Should Small Businesses Use Credit Cards?

Running a small business is anything but a small responsibility. These business owners often work long hours with few days off and have pressures from every possible angle.

In particular, small business finances are enough to make one’s head spin, even at a simple mom-and-pop operation. Anything that helps alleviate financial strain can be a massive advantage, which is where credit cards can come into play.

However, is it really the best move for small businesses to use credit cards, and is there a limit to how much they rely on credit to keep the gears in motion?

We spoke with experienced owners who know the financial realities of running a company themselves, and here’s what they had to say about small business credit card do’s and don’ts.

The Benefits of Credit Cards for Small Business

With so much pressure on small businesses from every angle, credit cards can absolutely be useful for owners in any industry.

The main benefits of a small business credit card is the ability to access higher credit limits rather quickly, and the potential to build strong business credit if handled responsibly.

“Compared to other ways of funding your business, credit cards are lightweight, straightforward, and easy to use,” said Chris Vaughn, CEO of Emjay. “Rather than spending months securing support from VC firms or applying for loans with tons of strings attached, a credit card accelerates the whole process and gives you a lot of leverage to work with. If you’re anticipating a quick turnaround in terms of cash flow, it can definitely be a launchpad for a successful venture.”

In terms of accounting and bookkeeping, business credit cards also simplify things for owners who often find themselves in a whirlwind of convoluted financial information.

“All businesses, no matter how big or small, should use credit cards because this makes it easier to track spending through the online accounts associated with them,” said Schuyler Hoversten, Co-Founder and President of BoxScore. “Furthermore, there are even ways to link credit card spending with accounting platforms such as QuickBooks, and this can be really helpful for whoever is handling the accounting at your business.”

Unlike your run-of-the-mill consumer credit cards, small business credit cards also come with a number of distinct advantages that make them an attractive option for founders and owners in the early stages of growth.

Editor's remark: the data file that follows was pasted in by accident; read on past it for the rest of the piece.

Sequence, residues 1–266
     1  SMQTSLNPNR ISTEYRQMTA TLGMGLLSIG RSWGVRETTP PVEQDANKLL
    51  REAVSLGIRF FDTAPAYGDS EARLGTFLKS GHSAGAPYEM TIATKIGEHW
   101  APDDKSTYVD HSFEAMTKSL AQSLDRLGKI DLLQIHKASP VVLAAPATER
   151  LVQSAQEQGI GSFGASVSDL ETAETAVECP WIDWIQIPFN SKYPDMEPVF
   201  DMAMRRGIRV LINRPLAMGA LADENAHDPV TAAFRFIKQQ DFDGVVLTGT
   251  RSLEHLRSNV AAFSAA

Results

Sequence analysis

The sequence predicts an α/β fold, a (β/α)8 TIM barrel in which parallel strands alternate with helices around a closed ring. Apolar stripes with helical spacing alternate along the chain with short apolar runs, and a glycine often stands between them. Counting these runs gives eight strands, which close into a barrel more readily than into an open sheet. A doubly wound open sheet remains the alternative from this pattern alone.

“You can find very attractive offers for business credit cards, including all the classic benefits like cash back, travel rewards, and bonuses for employee expenses with multiple cards tied to one account,” said Matt Woods, Co-Founder and CEO of “It’s not as common to find business credit with 0% APR offers, but you might encounter some if your credit score is already pristine. Regardless of the card you select, always be timely with your payments and conscious of your credit limits.”

Many cards also offer rewards and perks that are specific to certain industries (restaurants, contractors, etc) further incentivizing owners to sign up and seize the numerous benefits.

“Small businesses should consider using credit cards because they offer the same kinds of rewards as they do for private individuals,” said Nathalie Walton, Co-Founder and CEO of Expectful. “Credit card points and cash back rewards offer a great opportunity to find creative ways to use them to give back to your employees. This is especially true for small businesses that are limited on funds to reward their employees. It can be a win-win situation for small business owners in the long run.”

Potential Downsides of Small Business Credit Cards

Just as every form of business funding has its advantages, owners must consider the flip side of the coin, accounting for the possible traps and pitfalls that come with credit cards of any kind.

“There’s always a risk that comes with taking on debt, even if it’s a small amount with flexible payment structures,” said Judy Nural, President and Founder of MicrodermaMitt. “The business world is extremely unpredictable by nature, and you need to have a bulletproof plan to pay that card off. It can often seem like a good idea in the moment when you’re browsing offers online, but be sure to think deeply about the decision before signing on the dotted line and definitely consult business partners who will be part of your operation.”

Owners should also bear in mind that a personal guarantee is almost always required to obtain a credit card for a small business. If your business doesn’t produce the profits necessary to cover the charges, that financial weight falls on your shoulders and you’ll need to draw from your personal assets.